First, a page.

The House and the Senate both have passed tax bills which have provisions that will deeply affect health care, ranging from the repeal of the individual mandate to repeal of a tax credit meant to help businesses comply with the Americans with Disabilities Act.
Since the bills are not identical, the final legislation must first be negotiated in a conference committee. Not all the provisions will survive, although the final bill most likely will more closely resemble the Senate version, which includes repealing the Affordable Care Act’s individual mandate. Continue reading →
Source: Early Release of Selected Estimates Based on Data from the January–March 2017 National Health Interview Survey, September 2017. National Center for Health Statistics, National Health Interview Survey Early Release Program.For January through March of this year, the rate of Americans who were without health insurance was 8.8 percent, according to the National Center for Health Statistics.
Whatever actions Congress and the Trump administration ultimately take to repeal and replace the Affordable Care Act, or in the short term attempt to weaken it, we already know their efforts will affect how many Americans have health insurance. The question now is how much of an effect their efforts will have.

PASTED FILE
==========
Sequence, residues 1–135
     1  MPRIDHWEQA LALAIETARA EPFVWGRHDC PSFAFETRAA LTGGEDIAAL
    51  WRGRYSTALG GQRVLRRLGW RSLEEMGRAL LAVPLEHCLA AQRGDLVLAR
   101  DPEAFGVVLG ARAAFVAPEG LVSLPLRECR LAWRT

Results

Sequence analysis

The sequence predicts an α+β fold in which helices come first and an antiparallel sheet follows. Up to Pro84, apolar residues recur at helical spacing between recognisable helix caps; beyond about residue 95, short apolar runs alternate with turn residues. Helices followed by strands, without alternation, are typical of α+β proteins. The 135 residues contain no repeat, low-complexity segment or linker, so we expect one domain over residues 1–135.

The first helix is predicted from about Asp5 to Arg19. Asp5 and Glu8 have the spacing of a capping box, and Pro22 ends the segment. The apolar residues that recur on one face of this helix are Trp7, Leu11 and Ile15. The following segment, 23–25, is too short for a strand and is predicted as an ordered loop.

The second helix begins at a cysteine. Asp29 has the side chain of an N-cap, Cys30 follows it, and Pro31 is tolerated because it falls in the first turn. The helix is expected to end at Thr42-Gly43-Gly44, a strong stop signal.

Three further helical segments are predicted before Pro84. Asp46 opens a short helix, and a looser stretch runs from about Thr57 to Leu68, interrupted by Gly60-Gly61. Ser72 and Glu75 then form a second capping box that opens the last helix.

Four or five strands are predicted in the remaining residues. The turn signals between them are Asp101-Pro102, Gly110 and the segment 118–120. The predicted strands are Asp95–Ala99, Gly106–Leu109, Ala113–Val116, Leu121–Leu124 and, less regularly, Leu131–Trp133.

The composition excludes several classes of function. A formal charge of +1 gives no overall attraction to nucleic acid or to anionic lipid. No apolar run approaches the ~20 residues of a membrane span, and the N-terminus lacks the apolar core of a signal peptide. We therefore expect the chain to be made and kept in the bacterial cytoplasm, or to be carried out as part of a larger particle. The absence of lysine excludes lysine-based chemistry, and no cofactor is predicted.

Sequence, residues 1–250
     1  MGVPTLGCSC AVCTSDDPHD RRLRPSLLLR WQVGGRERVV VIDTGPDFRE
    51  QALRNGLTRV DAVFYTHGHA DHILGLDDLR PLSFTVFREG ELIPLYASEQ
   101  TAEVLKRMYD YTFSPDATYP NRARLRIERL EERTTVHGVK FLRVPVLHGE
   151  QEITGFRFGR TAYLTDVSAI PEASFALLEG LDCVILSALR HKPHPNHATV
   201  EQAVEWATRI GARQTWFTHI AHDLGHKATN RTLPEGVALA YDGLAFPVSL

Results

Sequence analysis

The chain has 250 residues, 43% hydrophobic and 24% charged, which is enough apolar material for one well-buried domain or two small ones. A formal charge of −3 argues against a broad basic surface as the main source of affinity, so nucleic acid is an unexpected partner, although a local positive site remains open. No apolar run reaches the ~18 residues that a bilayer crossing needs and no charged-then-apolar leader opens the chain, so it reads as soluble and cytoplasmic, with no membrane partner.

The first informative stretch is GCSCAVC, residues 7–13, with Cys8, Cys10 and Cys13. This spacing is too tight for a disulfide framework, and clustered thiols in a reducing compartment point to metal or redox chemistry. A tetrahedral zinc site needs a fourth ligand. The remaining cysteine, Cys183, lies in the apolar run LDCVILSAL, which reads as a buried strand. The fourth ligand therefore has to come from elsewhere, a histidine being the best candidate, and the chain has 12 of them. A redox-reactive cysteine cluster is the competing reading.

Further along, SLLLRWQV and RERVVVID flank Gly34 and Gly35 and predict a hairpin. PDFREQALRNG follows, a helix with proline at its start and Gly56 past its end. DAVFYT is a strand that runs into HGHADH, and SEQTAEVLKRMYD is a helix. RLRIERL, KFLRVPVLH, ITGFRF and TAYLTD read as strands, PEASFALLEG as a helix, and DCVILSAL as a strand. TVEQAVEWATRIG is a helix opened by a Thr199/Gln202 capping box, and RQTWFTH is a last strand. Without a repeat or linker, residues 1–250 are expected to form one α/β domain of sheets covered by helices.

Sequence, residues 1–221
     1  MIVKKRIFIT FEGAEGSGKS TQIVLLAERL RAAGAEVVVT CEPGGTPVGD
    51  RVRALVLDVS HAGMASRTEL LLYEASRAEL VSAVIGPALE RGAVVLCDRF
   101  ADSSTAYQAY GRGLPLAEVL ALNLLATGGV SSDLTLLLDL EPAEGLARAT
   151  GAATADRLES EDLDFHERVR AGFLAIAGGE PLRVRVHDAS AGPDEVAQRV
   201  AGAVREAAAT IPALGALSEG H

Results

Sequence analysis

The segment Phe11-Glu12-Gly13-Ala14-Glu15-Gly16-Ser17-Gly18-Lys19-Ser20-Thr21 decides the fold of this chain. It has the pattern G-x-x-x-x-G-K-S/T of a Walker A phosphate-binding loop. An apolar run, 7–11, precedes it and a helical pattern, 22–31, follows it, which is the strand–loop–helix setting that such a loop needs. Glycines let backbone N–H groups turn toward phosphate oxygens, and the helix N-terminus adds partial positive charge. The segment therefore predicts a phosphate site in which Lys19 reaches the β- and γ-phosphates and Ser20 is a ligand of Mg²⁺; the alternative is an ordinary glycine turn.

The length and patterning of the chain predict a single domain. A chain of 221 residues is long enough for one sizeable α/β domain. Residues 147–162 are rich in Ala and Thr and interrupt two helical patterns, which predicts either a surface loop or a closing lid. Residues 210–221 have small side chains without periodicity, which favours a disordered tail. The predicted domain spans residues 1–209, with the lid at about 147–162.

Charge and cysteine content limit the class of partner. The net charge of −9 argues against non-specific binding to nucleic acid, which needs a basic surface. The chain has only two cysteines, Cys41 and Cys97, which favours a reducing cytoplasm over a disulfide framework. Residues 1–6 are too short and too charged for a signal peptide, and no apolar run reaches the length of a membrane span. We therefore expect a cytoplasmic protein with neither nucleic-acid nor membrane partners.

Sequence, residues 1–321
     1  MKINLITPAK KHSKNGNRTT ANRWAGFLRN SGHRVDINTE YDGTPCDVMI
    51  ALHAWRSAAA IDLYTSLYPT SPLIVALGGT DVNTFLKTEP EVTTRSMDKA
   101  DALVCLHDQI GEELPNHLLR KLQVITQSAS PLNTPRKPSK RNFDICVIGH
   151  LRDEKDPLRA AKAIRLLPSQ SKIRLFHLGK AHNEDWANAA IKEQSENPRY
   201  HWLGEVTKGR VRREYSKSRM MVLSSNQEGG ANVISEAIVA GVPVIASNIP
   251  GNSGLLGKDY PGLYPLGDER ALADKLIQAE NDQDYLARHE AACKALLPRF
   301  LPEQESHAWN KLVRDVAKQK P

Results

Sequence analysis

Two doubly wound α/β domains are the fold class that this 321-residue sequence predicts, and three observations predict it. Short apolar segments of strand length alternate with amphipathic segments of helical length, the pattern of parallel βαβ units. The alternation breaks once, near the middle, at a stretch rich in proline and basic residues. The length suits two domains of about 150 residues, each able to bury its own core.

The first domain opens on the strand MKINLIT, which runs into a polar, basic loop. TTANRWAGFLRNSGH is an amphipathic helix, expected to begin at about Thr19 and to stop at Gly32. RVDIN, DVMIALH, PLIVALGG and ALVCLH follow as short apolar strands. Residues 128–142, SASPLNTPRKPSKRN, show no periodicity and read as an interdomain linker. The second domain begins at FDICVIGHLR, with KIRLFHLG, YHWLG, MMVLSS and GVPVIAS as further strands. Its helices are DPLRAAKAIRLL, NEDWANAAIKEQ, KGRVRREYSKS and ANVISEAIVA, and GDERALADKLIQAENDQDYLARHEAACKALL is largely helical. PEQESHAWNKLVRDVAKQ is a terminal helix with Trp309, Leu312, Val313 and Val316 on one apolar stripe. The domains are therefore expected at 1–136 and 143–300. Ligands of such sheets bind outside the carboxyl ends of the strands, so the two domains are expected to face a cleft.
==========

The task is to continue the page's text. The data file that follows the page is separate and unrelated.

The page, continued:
In a report that aligns with predictions by health insurers and groups such as the Kaiser Family Foundation, the Congressional Budget Office on Tuesday forecast that ending cost-sharing reduction (CSR) subsidies under the Affordable Care Act not only would raise premiums for some low-income Americans, but also increase the federal deficit by $194 billion by 2026.
Congressional Democrats had asked both the CBO and the Joint Committee on Taxation to estimate the effect of cutting CSRs after this December – as President Trump has threatened – on the federal budget, health insurance coverage, market stability and premiums. Continue reading →
The wave of mergers and acquisitions in health care in the age of reform hasn’t stopped – and three top-notch health policy experts in a recent guest post in Forbes explain why we should worry about that.